Overall, Hell Freezes Over is one of the greatest Eagles releases. I consider it my go-to album as it’s not only a live album with four new tracks but a compilation that doesn’t feature a bad song. It has a little of everything and the 25th Anniversary vinyl re-issue is nothing short of pure perfection; you won’t be disappointed. Let’s just hope that they keep this edition in print, I’m going to eventually need to get another copy as I play this album frequently. 

This 25th Anniversary remaster of Hell Freezes Over is also available on CD and Apple Music

Click here to read other Eagles reviews by Subjective Sounds.

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Chris Young – A.M. (Album Review)

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Chris Young – A.M. (Album Review)

If you’re like me, you may have a love/hate relationship with Country Music. It’s an interesting contrast as I literally detest some Country Music styles and simply adore others. The rock-based style is one that I thoroughly enjoy; a style which Chris Young has mastered. A.M. is Young’s third album and is recorded, mixed, and mastered with pure perfection. The song selection, many co-written by Young, are also perfectly suited to each other, flowing seamlessly as the album progresses. 

Aw Naw is a killer country rock and roll tune. You’ll be turning the volume up and toe-tapping to a song that is likely to become a classic as a result of its addictive rhythm and catchy tune. 

The music video is a solid accompaniment to the song, but I feel the editing style is a little too slow for the musicality, thereby being less impactful as it could have been.  

Hold You To It is a little slower, but flows perfectly from Aw Naw. It’s a solid tune, works well within the album context, but is nothing to write home about. 

Lonely Eyes has incredible rhythm. Young’s vocal pace, and overall delivery, is utterly perfect. An exceptional song!

The music video is serviceable but ultimately uninspiring. 

Goodbye is stunning! Close your eyes and enjoy the musicality and Young’s smooth baritone vocal. 

A.M. is a bloody brilliant country rock and roll tune. It will likely give you an earworm, but it is so good that it is worth it. 

Nothin’ But The Cooler Left is perfectly suited to the album, but as a song, on its own, it’s a little lacklustre, predictable, and campy. Nevertheless, A.M. wouldn’t be the same without it. 

Who I Am With You has some exceptional guitar work and Young’s vocal is again, right on point. Simply beautiful!

The music video is incredible. The storytelling, mixed with live and backstage elements, is utterly perfect and amplifies the song to a new level of appreciation that you really need to check out. 

Text Me Texas is a lovely ballad-styled country song that showcases just how well this album is recorded, mixed, and mastered. If you close your eyes, you’d swear Young and the band are in the room with you. 

We’re Gonna Find It Tonight is toe-tapping and head-bopping gold. A great tune!

Forgiveness is slow but rhythmically magical. It is, without a doubt, one of the best songs on the album. 

Lighters In The Air is an excellent song to close the album with, ensuring that you’ll listen to the album again, especially considering its modest 37-minute runtime leaves you wanting more.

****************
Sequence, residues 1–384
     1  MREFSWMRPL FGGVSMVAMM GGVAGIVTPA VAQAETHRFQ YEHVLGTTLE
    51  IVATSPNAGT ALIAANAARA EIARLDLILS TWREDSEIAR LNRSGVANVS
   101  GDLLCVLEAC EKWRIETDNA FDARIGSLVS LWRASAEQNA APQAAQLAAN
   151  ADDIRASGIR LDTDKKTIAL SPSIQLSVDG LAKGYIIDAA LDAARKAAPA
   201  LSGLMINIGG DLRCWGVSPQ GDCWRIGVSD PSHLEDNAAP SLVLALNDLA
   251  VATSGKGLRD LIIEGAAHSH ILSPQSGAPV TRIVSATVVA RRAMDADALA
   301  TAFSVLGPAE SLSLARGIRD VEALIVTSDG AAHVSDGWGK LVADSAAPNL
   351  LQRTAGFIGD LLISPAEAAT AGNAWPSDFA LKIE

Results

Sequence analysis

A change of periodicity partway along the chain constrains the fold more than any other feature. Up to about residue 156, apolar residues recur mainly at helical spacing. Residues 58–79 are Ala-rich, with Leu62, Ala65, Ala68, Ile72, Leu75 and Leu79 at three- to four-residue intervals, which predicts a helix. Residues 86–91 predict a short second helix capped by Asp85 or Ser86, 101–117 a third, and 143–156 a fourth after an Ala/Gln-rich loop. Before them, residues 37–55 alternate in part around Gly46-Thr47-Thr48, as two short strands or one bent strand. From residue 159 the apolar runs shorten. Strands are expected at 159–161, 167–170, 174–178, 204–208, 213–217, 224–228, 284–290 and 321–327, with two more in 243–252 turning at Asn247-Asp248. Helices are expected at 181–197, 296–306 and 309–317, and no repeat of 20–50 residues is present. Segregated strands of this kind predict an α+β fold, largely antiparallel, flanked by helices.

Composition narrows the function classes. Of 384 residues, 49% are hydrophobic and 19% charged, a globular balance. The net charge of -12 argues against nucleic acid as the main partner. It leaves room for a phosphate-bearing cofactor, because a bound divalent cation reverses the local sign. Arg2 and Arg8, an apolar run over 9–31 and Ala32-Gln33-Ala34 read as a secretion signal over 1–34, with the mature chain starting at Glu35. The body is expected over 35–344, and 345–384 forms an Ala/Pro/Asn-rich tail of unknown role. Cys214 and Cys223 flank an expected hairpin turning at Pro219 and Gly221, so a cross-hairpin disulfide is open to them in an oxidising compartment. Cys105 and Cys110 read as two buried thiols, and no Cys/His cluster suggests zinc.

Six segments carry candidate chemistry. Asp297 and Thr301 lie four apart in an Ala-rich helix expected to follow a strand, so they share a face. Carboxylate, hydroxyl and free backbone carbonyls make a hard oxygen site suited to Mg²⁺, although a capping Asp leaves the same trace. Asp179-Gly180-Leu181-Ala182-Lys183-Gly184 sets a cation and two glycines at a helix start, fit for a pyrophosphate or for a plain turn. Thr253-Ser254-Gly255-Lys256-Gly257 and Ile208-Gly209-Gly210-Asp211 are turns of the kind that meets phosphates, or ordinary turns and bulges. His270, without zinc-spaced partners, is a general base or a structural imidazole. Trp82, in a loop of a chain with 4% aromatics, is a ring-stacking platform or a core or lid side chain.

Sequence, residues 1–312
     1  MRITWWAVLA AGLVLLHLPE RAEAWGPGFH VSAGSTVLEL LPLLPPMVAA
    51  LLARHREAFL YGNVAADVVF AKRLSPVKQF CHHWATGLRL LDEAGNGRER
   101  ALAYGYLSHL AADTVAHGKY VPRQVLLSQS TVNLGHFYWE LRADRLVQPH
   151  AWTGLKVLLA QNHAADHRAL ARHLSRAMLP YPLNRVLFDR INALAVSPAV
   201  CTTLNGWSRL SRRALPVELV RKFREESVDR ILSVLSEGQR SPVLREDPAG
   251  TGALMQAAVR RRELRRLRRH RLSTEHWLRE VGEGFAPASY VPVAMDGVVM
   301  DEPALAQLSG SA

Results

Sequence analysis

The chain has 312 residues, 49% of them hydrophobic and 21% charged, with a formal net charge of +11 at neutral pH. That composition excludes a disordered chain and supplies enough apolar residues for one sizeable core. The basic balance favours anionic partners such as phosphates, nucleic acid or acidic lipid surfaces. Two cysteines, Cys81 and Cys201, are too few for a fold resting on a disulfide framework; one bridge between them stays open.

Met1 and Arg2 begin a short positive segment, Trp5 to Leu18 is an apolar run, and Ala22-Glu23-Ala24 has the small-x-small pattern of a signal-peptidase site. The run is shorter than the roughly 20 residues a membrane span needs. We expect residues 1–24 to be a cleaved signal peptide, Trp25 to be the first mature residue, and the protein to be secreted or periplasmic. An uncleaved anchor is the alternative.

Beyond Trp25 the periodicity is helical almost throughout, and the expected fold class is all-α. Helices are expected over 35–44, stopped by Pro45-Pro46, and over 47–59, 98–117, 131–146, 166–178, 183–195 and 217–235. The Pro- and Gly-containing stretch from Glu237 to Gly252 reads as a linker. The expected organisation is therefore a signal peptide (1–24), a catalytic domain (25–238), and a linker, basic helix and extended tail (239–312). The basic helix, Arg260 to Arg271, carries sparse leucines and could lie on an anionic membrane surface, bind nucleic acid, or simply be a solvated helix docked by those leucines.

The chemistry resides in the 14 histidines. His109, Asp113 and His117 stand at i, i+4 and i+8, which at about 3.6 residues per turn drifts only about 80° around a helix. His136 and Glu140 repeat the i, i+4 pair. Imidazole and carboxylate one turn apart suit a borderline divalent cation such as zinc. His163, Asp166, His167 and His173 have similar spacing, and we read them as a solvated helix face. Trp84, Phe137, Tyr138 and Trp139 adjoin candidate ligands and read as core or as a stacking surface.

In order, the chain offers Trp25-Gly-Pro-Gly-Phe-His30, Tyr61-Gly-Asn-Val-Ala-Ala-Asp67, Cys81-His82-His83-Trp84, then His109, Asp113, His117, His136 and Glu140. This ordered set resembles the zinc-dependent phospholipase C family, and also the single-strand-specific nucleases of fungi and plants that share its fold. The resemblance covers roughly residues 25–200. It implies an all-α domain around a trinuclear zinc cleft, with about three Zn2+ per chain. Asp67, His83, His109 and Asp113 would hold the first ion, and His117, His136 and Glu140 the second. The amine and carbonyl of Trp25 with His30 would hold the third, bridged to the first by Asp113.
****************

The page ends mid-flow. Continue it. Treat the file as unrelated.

Overall, A.M. is an incredible album from start to finish and if you’re at all interested in Country Music, you’re bound to love A.M. and should have a copy in your collection. Now, if only Sony would issue A.M. on vinyl, I’d be happy. Until then, the Apple Music (Apple Digital Master) stream is stunning and has captured the performances perfectly.  

Chris Young’s A.M. is also available on CD.

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Motörhead - Motörhead (Album Review)

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Motörhead - Motörhead (Album Review)

There are imitators, but there is only one Motörhead; there will never be another. Whether it is the sex, drugs, and rock and roll persona that came naturally to Lemmy, and his musical counterparts, or their musical talent that was beyond reproach, there is little doubt that Motörhead changed rock and roll forever, starting with this eponymous debut.

While Motörhead was not technically the first Motörhead album, it was the first released to the public with the earlier effort, On Parole being shelved until 1979. This review is based on the original 8-track release from 1977. While an expanded 40th Anniversary Edition is also available, I’m somewhat of a purist and while there is nothing fundamentally wrong with extended releases, there is something special about the original 33-minute release. It leaves you wanting more and I don’t know about you, dear reader, but I feel that is a good thing.

The artwork is also iconic and debuted the War Pig mascot that would become as recognisable as Iron Maiden’s Eddie, AC/DC’s lightning logo, and Metallica’s Ninja Star-inspired logo. 

Motörhead is a killer opener that was originally recorded by Hawkwind, when Lemmy was a member, and by Motörhead for the On Parole album. The Hawkwind original is, as you’d expect, more psychedelic but is, in my opinion, a superb recording with a killer violin solo. It was also the last song Lemmy wrote for Hawkwind. The On Parole recording is rather raw, but that isn’t necessarily a bad thing as the motorcycle revving introduction is incredible. This version, by comparison, is a perfect evolution of the song, even though I’ve always felt Philthy’s drum track, while sensational, was compromised. When listening via speakers, it isn’t as apparent, but when using headphones, there is a flat wallop sound to the drums. Look, Motörhead was never going to win any audiophile awards, but it just doesn’t sound right as it is a little concealed; of course, that could be part of the song’s and album’s appeal as it has most certainly stood the test of time.